[FIGURE 2 OMITTED]
Although these results should be cautiously interpreted given the difficulties accompanying the AODC method (potential for human error, interference of humic acids, nonuniform distribution of microorganisms in the upflow columns), they do suggest that ethanol does not have the toxicity effects on the microorganisms as would be anticipated. in fact, higher counts observed in the flushed columns may indicate that it has a buffering effect on TCE toxicity to microorganisms.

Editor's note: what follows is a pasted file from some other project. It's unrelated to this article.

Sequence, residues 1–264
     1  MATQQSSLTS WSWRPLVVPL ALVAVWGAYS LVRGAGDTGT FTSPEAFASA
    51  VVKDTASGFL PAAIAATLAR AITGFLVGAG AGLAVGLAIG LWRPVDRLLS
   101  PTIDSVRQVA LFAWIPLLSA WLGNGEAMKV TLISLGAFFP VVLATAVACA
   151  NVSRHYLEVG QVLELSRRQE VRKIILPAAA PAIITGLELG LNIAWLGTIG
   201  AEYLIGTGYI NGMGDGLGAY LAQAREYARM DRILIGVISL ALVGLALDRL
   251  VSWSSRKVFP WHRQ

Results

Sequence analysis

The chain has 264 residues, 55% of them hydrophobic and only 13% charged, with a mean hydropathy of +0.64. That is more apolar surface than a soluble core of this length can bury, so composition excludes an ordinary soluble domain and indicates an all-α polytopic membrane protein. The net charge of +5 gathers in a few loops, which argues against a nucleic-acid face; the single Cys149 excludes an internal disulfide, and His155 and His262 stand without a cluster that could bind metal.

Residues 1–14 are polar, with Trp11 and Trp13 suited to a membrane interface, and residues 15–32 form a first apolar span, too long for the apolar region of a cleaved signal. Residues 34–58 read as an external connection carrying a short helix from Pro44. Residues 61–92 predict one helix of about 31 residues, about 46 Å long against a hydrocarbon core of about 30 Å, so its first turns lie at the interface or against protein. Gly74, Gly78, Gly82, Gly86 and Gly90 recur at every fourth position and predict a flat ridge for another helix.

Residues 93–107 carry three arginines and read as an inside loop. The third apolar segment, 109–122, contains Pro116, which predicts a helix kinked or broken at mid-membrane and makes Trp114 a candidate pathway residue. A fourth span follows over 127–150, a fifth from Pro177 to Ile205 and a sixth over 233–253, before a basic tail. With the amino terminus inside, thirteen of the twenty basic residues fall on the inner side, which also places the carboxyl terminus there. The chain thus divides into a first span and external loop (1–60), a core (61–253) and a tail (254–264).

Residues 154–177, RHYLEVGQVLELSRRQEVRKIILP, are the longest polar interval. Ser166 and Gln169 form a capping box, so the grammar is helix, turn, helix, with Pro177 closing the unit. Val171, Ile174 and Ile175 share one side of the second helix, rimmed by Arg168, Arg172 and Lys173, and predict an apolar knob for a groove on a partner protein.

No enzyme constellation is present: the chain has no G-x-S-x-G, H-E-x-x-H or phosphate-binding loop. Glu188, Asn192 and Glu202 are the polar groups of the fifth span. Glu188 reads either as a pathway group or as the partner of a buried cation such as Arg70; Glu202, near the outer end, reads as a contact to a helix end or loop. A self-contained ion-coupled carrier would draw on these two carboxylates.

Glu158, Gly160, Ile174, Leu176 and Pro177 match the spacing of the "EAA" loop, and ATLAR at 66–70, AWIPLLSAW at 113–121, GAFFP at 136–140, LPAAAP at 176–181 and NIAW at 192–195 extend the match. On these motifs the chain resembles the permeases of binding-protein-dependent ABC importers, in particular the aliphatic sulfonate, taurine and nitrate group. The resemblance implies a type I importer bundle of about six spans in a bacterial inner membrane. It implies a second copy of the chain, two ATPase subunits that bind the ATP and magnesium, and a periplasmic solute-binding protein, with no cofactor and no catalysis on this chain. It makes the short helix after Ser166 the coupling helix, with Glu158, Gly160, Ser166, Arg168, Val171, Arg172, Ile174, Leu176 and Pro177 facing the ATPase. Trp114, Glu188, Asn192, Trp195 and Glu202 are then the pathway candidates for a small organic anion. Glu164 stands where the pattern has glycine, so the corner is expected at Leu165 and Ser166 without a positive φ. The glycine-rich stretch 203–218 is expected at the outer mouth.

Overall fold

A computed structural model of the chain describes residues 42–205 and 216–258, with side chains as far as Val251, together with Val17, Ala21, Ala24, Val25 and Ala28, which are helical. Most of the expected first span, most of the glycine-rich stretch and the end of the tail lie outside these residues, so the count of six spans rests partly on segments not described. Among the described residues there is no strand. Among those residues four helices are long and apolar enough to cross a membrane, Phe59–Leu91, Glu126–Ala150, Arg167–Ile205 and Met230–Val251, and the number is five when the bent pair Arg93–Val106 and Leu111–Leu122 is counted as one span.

Activity measurements in column samples. Methanogenic and sulfate-reducing activity. in all microcosms incubated under methanogenie conditions, no methane formation was observed. On termination of the 5-week microcosms, a strong odor of hydrogen sulfide was noticed. As confirmation, dissolved sulfide was subsequently measured after 6 weeks in the microcosms established with soil from the 15-week columns. Despite no external sulfate added to these vials, hydrogen sulfide formation was observed, ranging from 6.75 [+ or -] 1.02 mM in the microcosms with soils treated with TCE and ethanol to 9.93 [+ or -] 2.36 mM with soils treated with ethanol only. The TCE-treated, nonflushed soils produced 8.25 [+ or -] 1.02 mM hydrogen sulfide, slightly lower than the ethanol-only treated columns. Continuous introduction of dissolved oxygen in the groundwater may have inhibited methanogenesis in the columns; however, channeling of the groundwater flow in the columns was observed, resulting in isolated regions that we suspected contained little or no oxygen. It was therefore anticipated that methanogenesis would have been detected in the activity assays.